20 Tips From a Yale Graduate to her First Year Self

  1. Saying things with academic jargon will make some people respect you more.
  2. It will also make what you say complete gibberish to everyone else—learn when to turn it on, but more importantly how to turn it off, and when to do so (I’ll give you a hint: almost always)
  3. Chances are, when someone doesn’t text you back, it doesn’t mean they hate you—they’re probably just busy.
  4. That being said, invest your time in the friends who do text back (or even better, text you first!).
  5. No one at Yale is as busy as they say they are (including you). You do have time to have dinner with your friend, even if you’re stressed. Sympathetic human interaction will probably make you feel better.
  6. …Unless you feel like you’re going to rip the head off the next person who says hi to you—then, most likely you need some alone time. LDub makes that difficult, but there are plenty of places to hide. Putting in headphones in the dining hall with no music is a great way to build an imaginary bubble around you.
  7. If you are beginning to launch into an existential crisis, check your watch: if it’s after 11:00pm, chances are you’re just tired and it will feel better in the morning. Go to sleep—don’t stay up trying to draft a new life plan for 3 more hours.
  8. Don’t join everything.
  9. …But, if you do, run all of them so the meeting times don’t conflict.
  10. …But, really—don’t do it.
  11. When choosing classes, ask yourself: “could I learn this from a book on my own later just as well?” If the answer is yes, take something else.
  12. I know humanities seminars have sexier titles than intro STEM classes, but stick with science—it’s worth it. STEM skills build on each other and those classes will end up opening doors for you.
  13. The dining halls have unlimited vegetables and ice cream. These food groups are both expensive—eat more of them while you are on a meal plan.
  14. If you’re hurt, go to the doctor. Yes, I know Yale Health looks like Darth Vader’s summer home and you’ve heard horror stories, but take advantage of that free health care while you have it.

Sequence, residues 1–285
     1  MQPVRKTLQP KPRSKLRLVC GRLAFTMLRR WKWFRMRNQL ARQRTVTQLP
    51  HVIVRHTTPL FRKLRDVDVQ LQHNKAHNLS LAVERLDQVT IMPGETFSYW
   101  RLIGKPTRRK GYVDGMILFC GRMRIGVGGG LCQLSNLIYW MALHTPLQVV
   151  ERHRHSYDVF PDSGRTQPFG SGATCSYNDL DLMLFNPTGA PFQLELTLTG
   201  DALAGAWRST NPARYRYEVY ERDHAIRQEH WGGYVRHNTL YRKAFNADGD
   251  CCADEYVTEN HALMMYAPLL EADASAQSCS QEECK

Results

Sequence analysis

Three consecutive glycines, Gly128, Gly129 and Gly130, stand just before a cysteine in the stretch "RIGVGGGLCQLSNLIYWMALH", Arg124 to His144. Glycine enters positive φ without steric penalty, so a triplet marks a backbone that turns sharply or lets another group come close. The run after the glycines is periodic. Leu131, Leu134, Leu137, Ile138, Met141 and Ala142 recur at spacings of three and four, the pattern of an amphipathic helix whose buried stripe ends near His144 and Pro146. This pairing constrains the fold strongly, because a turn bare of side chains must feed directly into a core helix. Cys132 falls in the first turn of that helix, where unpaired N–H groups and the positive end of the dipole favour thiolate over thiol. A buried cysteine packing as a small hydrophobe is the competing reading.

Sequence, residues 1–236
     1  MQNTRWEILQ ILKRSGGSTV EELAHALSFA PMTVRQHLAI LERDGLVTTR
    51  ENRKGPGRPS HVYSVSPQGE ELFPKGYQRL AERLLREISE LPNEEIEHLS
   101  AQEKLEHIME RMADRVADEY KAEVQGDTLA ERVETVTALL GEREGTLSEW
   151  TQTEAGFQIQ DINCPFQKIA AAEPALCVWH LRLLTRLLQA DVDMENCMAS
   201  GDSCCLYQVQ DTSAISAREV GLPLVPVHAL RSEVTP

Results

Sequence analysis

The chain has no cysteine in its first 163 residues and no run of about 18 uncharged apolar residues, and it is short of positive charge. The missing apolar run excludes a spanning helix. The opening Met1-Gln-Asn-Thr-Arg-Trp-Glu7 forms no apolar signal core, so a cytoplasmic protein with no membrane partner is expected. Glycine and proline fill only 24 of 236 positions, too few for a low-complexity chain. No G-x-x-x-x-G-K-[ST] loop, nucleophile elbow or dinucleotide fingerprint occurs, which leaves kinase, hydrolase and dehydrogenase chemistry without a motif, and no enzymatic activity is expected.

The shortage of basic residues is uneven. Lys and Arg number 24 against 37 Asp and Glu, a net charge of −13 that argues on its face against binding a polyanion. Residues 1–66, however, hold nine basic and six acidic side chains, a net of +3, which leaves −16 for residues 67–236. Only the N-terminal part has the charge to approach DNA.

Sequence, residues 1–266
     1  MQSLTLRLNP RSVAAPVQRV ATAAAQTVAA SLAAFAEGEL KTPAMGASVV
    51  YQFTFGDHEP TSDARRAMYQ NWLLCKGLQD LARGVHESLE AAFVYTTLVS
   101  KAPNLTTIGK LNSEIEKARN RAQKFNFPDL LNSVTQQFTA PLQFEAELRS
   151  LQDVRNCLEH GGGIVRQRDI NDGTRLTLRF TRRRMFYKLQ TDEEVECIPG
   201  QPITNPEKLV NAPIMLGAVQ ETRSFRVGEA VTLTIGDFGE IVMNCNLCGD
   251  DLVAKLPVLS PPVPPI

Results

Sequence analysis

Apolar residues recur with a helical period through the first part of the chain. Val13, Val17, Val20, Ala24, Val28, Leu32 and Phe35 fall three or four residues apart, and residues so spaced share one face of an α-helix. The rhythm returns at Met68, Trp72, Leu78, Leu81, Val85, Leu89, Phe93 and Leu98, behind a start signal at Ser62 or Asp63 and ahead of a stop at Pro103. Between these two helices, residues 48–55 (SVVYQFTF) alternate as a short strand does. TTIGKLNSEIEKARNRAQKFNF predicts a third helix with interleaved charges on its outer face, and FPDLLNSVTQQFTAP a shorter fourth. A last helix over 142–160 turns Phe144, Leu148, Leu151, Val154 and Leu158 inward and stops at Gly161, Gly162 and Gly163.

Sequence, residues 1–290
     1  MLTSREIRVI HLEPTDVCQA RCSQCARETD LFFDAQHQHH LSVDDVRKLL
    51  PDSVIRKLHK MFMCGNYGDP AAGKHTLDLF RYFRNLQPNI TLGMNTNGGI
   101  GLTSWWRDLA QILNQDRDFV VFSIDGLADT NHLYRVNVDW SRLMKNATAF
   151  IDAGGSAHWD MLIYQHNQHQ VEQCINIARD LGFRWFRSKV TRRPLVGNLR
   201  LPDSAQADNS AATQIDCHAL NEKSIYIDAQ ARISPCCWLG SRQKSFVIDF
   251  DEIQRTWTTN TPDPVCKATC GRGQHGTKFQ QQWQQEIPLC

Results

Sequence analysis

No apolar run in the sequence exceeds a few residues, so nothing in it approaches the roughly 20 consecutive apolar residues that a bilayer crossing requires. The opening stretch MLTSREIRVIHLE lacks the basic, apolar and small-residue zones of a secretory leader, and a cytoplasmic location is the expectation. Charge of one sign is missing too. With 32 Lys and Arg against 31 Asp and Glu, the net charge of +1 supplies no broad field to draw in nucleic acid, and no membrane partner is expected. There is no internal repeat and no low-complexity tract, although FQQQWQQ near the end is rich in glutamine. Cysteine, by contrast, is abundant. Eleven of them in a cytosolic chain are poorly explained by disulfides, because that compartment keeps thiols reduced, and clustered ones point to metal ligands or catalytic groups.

15. I know you can vote now, but you’re not a grown-up and you don’t have to always take care of yourself. It’s okay to ask for help (even grown-ups need help!).
  16. You’re not going to be chosen for everything or win everything. That doesn’t mean that you aren’t amazing—it just means that other people are amazing too! Dealing with failure is hard, but it’s important to learn how. Let yourself hurt, but then move on: while the world is full of incredible people, there are plenty of opportunities to go around, and you’ll find ones that want you too.
  17. Don’t take yourself too seriously. Take more risks and protect time and space for silliness.
  18. Try to take care of yourself—you’re no good to anyone (least of all yourself) if you’re worn down.
  19. …But also, forgive yourself when you don’t.
  20. You are good enough to be here. You are smart enough, passionate enough, kind enough, driven enough. You are enough.

Laura Goetz

Laura is a senior double-major in Molecular Biophysics and Biochemistry and Women's, Gender, and Sexuality Studies. In addition to her work for Broad Recognition, Laura is a CCE, a board member Yale Sappho (queer womyn's group), and plays snare drum in the YPMB. She works in two labs and spends all free time on research. Laura loves sunrise runs, peanut butter, poetry, fun facts, and studying how gender and sexuality impact health.

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